3/6/13: An Epic Song
Ad Parnassum, Paul Klee
This work, while not being the most aesthetically pleasing for me, was definitely the most visually impressive I’ve seen this year. It employs use of pointillism, or painting pure dots of color to compose a piece. Much akin to stippling in other media, the smaller dots are combined together to make something grander and interconnected. Uniquely, though, Klee has added synesthaesia to his work, intertwining both sound and color. Each block of color represents a different sound, with all of the sounds combining together to create a sort of symphony of the visual and auditory. This highlights the synesthetic approach, where the artist views painting as a form of music. The sun in the background highlights one of the important features of the work; namely, that the sun is representative of Apollo, the god of sun and music. That small piece gives an entirely new view to the work, as now we see that the work is Apollo conversing and creating music with the muses, each represented by the blocks of color. The color transforms from sound to an actual voice as each muse exists in harmony with the next, all singing to Apollo. They all sing above an arch that is interpreted to be a doorway to primordial truth, perhaps in color as music.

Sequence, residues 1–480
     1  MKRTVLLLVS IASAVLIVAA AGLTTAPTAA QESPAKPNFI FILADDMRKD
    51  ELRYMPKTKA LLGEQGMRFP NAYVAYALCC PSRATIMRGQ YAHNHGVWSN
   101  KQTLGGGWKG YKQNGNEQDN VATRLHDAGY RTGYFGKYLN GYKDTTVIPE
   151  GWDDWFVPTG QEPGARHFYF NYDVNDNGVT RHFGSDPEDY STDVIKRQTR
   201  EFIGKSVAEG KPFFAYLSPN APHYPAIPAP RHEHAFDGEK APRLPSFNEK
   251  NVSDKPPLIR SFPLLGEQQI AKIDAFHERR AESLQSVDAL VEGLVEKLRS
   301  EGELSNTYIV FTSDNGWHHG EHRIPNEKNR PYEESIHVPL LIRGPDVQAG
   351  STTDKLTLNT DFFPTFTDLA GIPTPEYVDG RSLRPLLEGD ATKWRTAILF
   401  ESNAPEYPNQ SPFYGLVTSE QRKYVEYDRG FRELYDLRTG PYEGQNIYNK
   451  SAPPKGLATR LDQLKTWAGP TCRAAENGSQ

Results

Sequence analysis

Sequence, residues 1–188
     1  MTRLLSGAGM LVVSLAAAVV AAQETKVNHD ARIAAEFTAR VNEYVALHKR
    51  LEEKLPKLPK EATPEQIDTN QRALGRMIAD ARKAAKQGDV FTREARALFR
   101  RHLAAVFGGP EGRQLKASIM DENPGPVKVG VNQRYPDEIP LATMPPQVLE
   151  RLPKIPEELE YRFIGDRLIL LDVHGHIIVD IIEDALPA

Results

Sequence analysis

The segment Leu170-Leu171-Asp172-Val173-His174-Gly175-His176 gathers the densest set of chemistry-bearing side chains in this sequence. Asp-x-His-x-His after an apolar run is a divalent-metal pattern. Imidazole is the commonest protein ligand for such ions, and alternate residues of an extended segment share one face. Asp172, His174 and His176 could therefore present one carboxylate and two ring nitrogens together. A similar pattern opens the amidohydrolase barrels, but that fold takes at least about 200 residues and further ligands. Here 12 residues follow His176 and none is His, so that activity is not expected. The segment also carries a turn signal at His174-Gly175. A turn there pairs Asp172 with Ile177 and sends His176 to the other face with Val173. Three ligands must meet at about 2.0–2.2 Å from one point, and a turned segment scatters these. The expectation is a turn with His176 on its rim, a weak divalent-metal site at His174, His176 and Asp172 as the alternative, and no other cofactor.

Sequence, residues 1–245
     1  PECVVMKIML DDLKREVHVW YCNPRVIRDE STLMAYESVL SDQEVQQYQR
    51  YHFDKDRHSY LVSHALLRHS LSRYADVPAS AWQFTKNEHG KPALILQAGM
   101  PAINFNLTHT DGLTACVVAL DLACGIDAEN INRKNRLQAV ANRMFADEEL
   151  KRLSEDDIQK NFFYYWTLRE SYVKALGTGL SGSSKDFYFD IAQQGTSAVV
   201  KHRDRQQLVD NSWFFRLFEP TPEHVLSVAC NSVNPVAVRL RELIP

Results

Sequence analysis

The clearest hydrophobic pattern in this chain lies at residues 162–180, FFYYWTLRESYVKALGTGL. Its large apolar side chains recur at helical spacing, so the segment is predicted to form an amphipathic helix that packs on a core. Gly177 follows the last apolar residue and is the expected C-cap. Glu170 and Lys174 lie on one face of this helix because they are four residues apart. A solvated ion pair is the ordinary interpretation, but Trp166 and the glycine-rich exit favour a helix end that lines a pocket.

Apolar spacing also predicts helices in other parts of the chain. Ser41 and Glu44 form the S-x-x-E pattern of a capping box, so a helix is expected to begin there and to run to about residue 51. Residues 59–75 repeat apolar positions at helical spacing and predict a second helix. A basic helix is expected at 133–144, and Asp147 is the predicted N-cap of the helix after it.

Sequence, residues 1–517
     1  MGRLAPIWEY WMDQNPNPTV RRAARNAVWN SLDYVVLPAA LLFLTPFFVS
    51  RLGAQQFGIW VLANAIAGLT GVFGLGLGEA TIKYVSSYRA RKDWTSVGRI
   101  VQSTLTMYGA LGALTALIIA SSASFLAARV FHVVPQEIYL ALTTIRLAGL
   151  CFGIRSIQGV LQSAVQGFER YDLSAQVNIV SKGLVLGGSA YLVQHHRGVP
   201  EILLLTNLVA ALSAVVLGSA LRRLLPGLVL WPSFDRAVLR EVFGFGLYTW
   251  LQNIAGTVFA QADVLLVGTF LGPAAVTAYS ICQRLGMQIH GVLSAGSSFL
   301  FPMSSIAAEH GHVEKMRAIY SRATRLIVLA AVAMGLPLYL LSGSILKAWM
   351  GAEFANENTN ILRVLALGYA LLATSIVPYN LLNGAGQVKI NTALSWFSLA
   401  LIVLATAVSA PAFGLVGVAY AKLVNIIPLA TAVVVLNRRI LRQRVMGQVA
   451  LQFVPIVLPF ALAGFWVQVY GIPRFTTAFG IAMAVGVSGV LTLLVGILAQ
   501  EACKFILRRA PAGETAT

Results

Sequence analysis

The Greek Muses:
How to draw using pointillism:http://www.artinstructionblog.com/pencil-shading-technique-how-to-shade-a-drawing-using-pointillism